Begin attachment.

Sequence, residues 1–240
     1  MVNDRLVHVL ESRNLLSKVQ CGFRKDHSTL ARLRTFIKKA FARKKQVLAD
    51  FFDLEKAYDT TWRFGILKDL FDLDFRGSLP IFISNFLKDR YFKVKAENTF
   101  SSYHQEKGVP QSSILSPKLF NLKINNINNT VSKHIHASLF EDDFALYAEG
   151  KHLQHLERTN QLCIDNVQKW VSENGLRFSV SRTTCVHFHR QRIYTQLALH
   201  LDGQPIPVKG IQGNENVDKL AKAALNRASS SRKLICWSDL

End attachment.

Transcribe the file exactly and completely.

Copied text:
Sequence, residues 1–240
     1  MVNDRLVHVL ESRNLLSKVQ CGFRKDHSTL ARLRTFIKKA FARKKQVLAD
    51  FFDLEKAYDT TWRFGILKDL FDLDFRGSLP IFISNFLKDR YFKVKAENTF
   101  SSYHQEKGVP QSSILSPKLF NLKINNINNT VSKHIHASLF EDDFALYAEG
   151  KHLQHLERTN QLCIDNVQKW VSENGLRFSV SRTTCVHFHR QRIYTQLALH
   201  LDGQPIPVKG IQGNENVDKL AKAALNRASS SRKLICWSDL